The Passover Seder has two important and interrelated functions: Recounting the biblical tale of the Jews’ escape from slavery in Egypt and delaying the consumption of dinner for as long as humanly possible.
Fret not, peckish listeners to the story of Exodus, Haifa’s Technion Israel Institute of Technology has a solution. Students in the university’s Faculties of Mechanical Engineering and Architecture and Town Planning have created a Rube Goldberg apparatus that tells the entire story—plagues and all—in a brisk two minutes and seven seconds. That’ll get you to the matzo balls in a hurry.
If the contraption was simply lots of fun, it would have been enough for us. The Red Sea literally splits, its two cardboard halves pulled apart by a coffee mug acting as a weight that has been attached to some twine. The plagues—at least those that haven’t gone missing in this retelling of the exodus—are gripping. Plastic frogs and ping-pong balls are launched into the air to represent the plagues of frogs and hail, respectively. Fake blood, made of water that has been dyed red, gives the representation of the Nile’s water turning into blood a soothing, The Shining-esque vibe.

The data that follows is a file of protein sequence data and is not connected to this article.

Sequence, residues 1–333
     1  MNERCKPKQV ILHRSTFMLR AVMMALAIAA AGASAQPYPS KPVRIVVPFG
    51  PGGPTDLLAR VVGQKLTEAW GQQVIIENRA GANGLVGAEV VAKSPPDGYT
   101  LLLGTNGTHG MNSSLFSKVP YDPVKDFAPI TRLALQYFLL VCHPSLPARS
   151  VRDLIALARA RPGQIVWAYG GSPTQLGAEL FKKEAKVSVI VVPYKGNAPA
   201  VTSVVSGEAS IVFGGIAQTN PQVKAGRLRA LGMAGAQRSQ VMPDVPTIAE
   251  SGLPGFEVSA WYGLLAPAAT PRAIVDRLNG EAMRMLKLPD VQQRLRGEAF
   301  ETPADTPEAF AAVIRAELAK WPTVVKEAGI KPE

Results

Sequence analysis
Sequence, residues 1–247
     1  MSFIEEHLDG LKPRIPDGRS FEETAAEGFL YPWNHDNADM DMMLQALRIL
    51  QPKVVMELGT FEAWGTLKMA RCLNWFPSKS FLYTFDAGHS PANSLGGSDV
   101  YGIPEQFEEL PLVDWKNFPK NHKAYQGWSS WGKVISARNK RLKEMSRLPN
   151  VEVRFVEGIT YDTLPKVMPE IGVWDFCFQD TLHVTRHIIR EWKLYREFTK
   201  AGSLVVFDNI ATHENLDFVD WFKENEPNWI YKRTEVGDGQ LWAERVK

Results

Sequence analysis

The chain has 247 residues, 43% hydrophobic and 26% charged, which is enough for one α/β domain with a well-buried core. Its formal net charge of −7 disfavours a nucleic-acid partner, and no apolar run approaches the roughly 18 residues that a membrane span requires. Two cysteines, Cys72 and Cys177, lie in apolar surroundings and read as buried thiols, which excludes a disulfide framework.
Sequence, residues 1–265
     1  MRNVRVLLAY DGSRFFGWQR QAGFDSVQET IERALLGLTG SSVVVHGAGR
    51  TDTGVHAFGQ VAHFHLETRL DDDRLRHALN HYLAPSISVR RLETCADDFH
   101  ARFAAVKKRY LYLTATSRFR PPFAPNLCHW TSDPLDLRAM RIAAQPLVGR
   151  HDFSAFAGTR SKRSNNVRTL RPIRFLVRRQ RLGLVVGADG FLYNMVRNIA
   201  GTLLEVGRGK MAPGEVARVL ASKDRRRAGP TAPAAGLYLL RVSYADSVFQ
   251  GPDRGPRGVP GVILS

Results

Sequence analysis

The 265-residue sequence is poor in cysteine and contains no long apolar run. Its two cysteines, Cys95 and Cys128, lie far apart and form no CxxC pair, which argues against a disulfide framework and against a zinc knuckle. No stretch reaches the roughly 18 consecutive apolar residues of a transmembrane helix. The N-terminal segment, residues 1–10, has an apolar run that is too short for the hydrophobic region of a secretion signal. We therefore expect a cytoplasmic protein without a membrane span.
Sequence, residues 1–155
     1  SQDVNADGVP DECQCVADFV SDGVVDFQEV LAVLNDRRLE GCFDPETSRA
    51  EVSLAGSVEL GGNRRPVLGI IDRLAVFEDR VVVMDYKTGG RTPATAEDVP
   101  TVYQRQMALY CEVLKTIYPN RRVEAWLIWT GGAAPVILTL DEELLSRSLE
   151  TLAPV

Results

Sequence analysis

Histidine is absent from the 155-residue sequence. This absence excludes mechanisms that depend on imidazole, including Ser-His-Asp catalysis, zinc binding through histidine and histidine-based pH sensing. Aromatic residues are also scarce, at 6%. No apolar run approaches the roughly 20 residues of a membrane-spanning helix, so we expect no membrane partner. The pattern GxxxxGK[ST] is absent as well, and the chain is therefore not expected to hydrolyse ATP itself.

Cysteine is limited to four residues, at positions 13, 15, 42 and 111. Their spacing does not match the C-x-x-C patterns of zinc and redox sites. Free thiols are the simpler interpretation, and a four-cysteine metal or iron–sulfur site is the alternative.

And if the whole assembly consisted of dominos out of matzo, it would have been enough for us. As it is, these edible dominos are but a small part of the room-sized contraption. Finally, an appropriate use for a food item that was acceptable in the desert but, in 2015, tastes like construction materials!
Oh, but we’re not through yet.
If the students had focused on sending Moses’ “Let my people go!” message to the pharaoh by text message, it would have been enough for us. They did do that, and it’s a wonderful anachronism, but that’s not all there is to see here.
Finally, if this contraption were merely a way of telling the story of the Jews’ exodus from Egypt, it would have been enough for us. The Seder, with its readings and songs, is an educational activity that prioritizes the needs and preferences of auditory learners. But what if you’re a visual learner?
But Technion’s Rube Goldberg contraption is all of those things. It is the biblical story visual learners have been waiting for, which is another way of saying it’s much better than Ridley Scott’s Exodus.